“[A]s between the principal and agent and third persons, the mutual rights and liabilities are governed by the apparent scope of the agent’s authority, which is that authority which the principal has held the agent out as possessing, or which he has permitted the agent to represent that he possesses, [Page 215] and which the principal is estopped to deny. The apparent authority, so far as third persons are concerned, is the real authority, and when a third person has ascertained the apparent authority with which the principal has clothed the agent, he is under no obligation to inquire into the agent’s actual authority.”
Id. at 404, 132 S.E. at 315 (quoting J.C. Lysle Milling Co. v. S.W. Holt & Co., 122 Va. 565, 571-72, 95 S.E. 414, 415 (1918)). The Court further explained:
“Where one, without objection, suffers another to do acts which proceed upon the ground of authority from him, or by his conduct adopts and sanctions such acts after they are done, he will be bound, although no previous authority exists, in all respects as if the requisite power had been given in the most formal manner. If he had justified the belief of a third party that the person assuming to be his agent was authorized to do what was done, it is no answer for him to say that no authority had been given, or that it did not reach so far, and that the third party had acted upon a mistaken conclusion. He is estopped to take refuge in such a defense. If a loss is to be borne, the author of the error must bear it. If business had been transacted in certain cases, it is implied that the like business may be transacted in others. The inference to be drawn is that everything fairly within the scope of the powers exercised in the past may be done in the future, until notice of revocation or disclaimer is brought home to those whose interests are concerned. Under such circumstances, the presence or absence of authority in point of fact is immaterial to the rights of third persons whose interests are involved. The seeming and reality are followed by the same consequences. In either case the legal result is the same.”
Id. at 404-05, 132 S.E. at 315 (quoting Bronson v. Chappell, 79 U.S. 681, 683 (1870)).
Here, there is no suggestion that fraud was practiced on wife in reaching the settlement agreement or that the agreement executed by Byrd was intrinsically unfair. Therefore, [Page 216] husband argues, if wife, by word or act, clothed Byrd with apparent authority to execute the settlement agreement on her behalf, husband and Schell could rely on such authority regardless of whether Byrd had wife’s actual authority, and wife would be bound by the agreement.
Viewing the record in the light most favorable to husband, we find it devoid of any verbal or nonverbal representations by wife that could reasonably lead husband or Schell to conclude that Byrd had wife’s authority to sign the final property settlement agreement on her behalf. The record discloses no direct communications between wife and husband or between wife and Schell regarding Byrd’s authority.3 Through her conduct, wife plainly held Byrd out as possessing the authority to conduct settlement negotiations on her behalf. She permitted him to attend the two negotiation meetings and to relay her offers and counteroffers to husband and Schell, as well as her rejections and acceptances of husband’s offers and counteroffers. However, nothing in the record indicates that wife held out Byrd as possessing the authority to execute the final property settlement agreement on her behalf.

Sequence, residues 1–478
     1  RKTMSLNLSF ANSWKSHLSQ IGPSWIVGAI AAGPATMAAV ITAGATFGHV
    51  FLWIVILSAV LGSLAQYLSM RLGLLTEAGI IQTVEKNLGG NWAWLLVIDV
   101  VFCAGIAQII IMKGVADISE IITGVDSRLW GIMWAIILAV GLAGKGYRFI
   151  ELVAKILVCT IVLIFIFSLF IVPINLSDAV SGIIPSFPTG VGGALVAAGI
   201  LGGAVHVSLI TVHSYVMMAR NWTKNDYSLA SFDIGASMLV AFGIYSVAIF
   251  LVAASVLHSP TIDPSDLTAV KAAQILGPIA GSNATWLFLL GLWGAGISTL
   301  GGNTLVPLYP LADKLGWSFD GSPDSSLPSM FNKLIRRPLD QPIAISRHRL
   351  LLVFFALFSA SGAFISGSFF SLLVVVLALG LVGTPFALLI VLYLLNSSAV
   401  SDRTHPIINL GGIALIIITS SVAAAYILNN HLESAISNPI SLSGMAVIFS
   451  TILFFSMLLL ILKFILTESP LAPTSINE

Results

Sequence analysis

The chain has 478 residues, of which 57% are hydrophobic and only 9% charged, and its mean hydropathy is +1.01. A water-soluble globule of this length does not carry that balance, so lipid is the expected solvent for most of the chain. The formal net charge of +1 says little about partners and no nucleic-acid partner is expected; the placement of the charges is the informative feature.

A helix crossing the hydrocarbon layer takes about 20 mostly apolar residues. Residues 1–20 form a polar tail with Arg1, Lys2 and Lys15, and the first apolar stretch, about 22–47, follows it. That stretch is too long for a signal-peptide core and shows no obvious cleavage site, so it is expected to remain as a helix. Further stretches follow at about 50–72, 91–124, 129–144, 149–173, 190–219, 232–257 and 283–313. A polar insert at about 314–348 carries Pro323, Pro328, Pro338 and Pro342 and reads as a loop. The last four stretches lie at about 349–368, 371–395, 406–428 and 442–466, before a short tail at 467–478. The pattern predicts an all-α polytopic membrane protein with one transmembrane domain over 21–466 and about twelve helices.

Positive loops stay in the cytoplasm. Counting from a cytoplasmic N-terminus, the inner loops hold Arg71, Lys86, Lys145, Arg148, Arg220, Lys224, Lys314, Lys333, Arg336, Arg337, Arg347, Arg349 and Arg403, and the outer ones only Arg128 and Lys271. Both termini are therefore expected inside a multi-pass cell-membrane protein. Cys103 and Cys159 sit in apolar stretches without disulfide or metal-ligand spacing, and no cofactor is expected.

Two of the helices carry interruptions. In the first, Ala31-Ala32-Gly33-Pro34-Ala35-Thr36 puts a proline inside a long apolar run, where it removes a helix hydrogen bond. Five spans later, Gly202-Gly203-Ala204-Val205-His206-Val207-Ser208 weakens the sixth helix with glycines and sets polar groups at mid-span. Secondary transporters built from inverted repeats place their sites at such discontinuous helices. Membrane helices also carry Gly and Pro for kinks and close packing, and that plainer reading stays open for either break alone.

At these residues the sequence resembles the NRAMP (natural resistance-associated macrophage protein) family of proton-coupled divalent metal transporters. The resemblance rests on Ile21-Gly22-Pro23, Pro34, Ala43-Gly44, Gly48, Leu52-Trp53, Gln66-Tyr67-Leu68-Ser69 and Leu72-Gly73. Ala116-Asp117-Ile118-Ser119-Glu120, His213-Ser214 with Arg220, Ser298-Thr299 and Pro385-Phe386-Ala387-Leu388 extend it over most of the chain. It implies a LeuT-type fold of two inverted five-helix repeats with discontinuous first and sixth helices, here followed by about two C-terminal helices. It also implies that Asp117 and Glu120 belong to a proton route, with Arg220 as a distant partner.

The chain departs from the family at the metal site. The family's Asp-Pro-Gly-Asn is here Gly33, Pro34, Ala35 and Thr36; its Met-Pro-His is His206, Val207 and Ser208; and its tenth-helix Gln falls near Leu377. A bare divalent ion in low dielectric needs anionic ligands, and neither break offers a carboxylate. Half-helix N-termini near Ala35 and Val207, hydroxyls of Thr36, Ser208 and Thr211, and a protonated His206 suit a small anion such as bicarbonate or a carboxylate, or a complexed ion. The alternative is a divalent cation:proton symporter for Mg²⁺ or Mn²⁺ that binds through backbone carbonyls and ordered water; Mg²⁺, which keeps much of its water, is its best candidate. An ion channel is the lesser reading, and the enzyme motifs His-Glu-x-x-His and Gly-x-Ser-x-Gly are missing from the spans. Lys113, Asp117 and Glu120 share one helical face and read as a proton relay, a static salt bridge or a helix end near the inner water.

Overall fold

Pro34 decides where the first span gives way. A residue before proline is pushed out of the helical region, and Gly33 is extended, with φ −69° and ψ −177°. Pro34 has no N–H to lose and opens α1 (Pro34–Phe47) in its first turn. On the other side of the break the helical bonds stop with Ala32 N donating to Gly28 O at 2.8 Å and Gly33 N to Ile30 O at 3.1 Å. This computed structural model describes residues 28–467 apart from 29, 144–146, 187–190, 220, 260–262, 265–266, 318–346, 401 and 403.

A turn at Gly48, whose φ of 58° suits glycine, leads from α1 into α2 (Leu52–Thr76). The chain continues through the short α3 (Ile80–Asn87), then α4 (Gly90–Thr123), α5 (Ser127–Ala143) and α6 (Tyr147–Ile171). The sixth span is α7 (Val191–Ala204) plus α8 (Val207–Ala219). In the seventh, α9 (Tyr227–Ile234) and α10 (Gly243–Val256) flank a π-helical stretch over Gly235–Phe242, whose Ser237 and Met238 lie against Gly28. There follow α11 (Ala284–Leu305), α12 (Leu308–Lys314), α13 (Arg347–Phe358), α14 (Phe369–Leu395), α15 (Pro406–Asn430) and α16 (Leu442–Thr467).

At the ore tenus hearing in this case, Byrd recognized that wife “never gave [him] any authority to settle the case without her consent.” Wife, rather than Byrd, was clearly in charge of the negotiations. It was unmistakably evident at the second negotiation meeting that Byrd had no authority to act on his own. He could not accept husband’s counteroffer without first calling wife to obtain her assent.
Moreover, the two draft formal property settlement agreements sent by Byrd, with wife’s approval, to Schell in the past were indicative of Byrd’s limited authority. Those proposed agreements, meant to be signed by the parties, clearly manifested to husband and Schell wife’s intention that she, rather than Byrd, would sign any final settlement agreement. [Page 217]
In Singer, the Supreme Court held that plaintiff’s attorney had apparent authority to settle the case because he “consulted with his client relative to the compromise in the presence of the defendant and returned with assent.” 144 Va. at 404, 132 S.E. at 314. In the instant case, wife was not in the presence of husband and his attorney when Byrd consulted with her relative to the settlement or when Byrd returned with her purported assent. Indeed, from Schell’s standpoint, not only was Byrd’s consultation with wife not in Schell’s presence, Byrd’s belated return with wife’s alleged assent came only after Byrd had left the negotiation meeting the previous night to call wife and had, without explanation, never returned to the meeting. We believe that, under such circumstances, husband and Schell’s reliance on Byrd’s alleged authority to execute the settlement agreement was not reasonably justified and, thus, was at their own peril.